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Feeding Tropical Fish - Typical Tropical Fish Food Components and Supplements

>> May 10, 2013

A tropical fish is a delicate animal indeed. It is used to living in one of the world's most regulated environments: shallow tropical reef water, which is abundant with food and has access to an extremely predictable supply of sunlight and temperature. Consequently, the keeping of tropical fish in a tank condition, in a country hardly famed for its tropical climate, poses a major challenge to the amateur aquarist.


The core elements of tropical fish care are: temperature; access to UV light; oxygen and nitrogen regulation; and access to the right kinds of food. Some tropical fish, for example, feed on the larvae of insects indigenous to a specific part of the world. While every effort is made by the manufacturers of standard tropical fish food flakes to replicate the nutrients found in these creatures, some may be lacking - and so the fish keeper is sometimes required to add actual livestock to the diet of his or her charges.

Clearly the first thing the aquarist must be aware of is the natural diets of the species he or she is raising. There are several reasons why this is important.

If you don't know that some species in your tank naturally prey on the others (for instance) you're going to get quite a shock when you come down in the morning to find a tank bereft of all species barring the one, which is now a lot fatter than it used to be. On a more serious note, if promoting the best natural behaviours and colours, or even breeding new fish, is your goal then you need to understand the effects that nutrition has on the animals you care for.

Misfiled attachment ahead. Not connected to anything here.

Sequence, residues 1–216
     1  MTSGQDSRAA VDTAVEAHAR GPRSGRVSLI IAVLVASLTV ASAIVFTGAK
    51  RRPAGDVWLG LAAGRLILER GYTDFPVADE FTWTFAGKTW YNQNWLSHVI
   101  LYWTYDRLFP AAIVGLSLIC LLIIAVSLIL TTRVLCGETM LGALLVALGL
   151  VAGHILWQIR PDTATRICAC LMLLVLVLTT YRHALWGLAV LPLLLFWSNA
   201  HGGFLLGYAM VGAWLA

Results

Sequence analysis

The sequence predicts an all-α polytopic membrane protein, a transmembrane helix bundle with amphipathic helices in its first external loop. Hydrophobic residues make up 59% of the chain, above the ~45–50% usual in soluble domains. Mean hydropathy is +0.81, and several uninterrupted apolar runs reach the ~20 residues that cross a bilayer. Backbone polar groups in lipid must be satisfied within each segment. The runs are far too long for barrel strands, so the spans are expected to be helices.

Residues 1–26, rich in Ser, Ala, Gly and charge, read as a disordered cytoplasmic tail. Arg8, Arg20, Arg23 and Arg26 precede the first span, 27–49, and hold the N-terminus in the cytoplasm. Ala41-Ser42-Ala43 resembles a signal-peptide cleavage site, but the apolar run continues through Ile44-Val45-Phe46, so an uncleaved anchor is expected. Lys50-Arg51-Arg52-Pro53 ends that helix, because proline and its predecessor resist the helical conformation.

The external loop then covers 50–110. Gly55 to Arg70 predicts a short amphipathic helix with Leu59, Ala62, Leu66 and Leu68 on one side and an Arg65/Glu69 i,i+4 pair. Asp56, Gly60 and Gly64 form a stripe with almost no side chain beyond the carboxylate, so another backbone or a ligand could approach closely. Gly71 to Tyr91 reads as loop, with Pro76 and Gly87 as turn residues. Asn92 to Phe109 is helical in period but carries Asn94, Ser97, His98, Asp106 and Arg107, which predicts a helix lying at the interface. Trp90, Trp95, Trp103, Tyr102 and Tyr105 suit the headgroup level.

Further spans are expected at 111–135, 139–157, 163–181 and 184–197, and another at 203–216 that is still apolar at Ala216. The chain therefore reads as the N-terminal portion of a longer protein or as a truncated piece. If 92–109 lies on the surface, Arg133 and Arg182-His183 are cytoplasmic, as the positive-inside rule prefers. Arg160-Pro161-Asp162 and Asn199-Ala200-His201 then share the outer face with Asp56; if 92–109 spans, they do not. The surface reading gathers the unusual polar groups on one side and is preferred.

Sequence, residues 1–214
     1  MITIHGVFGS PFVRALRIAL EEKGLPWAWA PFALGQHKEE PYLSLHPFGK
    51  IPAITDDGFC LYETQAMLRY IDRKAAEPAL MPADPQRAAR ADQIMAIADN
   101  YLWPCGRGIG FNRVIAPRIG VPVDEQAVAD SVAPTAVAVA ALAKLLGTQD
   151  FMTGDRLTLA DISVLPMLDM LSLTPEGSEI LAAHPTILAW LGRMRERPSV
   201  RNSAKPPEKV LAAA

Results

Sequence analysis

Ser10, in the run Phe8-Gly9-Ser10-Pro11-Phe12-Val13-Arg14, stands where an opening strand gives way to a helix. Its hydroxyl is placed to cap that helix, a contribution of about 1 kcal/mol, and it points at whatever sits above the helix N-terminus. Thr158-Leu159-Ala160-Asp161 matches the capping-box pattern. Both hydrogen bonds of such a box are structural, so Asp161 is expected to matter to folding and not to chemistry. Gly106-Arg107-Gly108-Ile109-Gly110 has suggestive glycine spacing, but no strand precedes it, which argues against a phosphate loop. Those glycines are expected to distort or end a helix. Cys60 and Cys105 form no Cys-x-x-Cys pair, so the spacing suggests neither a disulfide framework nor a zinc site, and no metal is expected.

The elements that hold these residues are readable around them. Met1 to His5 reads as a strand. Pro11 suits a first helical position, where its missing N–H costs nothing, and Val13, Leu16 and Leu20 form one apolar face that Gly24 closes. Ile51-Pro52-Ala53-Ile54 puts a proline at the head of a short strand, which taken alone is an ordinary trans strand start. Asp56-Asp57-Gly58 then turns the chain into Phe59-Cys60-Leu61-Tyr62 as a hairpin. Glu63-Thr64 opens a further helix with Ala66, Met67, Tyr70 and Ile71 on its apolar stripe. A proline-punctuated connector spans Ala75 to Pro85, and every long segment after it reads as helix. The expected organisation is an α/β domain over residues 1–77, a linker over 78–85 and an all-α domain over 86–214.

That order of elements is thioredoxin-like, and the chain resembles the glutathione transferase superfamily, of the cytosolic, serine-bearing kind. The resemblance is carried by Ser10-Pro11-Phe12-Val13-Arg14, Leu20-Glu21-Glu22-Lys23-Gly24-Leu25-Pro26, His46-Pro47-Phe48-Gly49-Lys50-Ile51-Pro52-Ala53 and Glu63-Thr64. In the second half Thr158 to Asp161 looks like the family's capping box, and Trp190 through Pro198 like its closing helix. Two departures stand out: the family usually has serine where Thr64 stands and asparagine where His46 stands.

Flaked fish food is multicoloured because it has a hugely complex array of nutrients and minerals in it. Each of these compounds is known to provide a specific service for tropical fish - for instance spirulina helps to promote the proper colour display. Some fish foods may even contain hormones that excite unnaturally bright colour displays, by convincing the body of the fish that it is always in mating season.

The average factory fish food will also contain amino acids; proteins; carbohydrates; and sugars. It is important to be aware of the effects that these can have on fish, and the possible problems the animals may develop if they are improperly delivered.

One of the most common ailments to affect captive fish is failure of the renal system. This is because the flakes and pellets that fish are fed can be hard to digest speedily, which causes a build up of already processed poisons - essentially damaging the filtration system of the fish's own body by building up a stock of corrosive material.

A sick fish may need to be fed medicated food - this is one of the best ways to get medicine into the right animal. Bearing in mind that water is an environment in which all compounds eventually disintegrate and disseminate, it is much easier to keep the treatment in the right place by removing a single fish from a tank and feeding it medicinal food, than it is to try to keep to a proper medical regime in the open tank environment. 

Author Bio: Mac Byrne is a tropical fish keeper and blogger. He writes a regular blog on the different types of tropical fish food.

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Welcome to my blog. I'm a home maker, a stay at home wife. I'm just an ordinary woman who has interest in reading, working at home and learning to write. We live in Bogor, Indonesia.
This blog contains articles in family topic.
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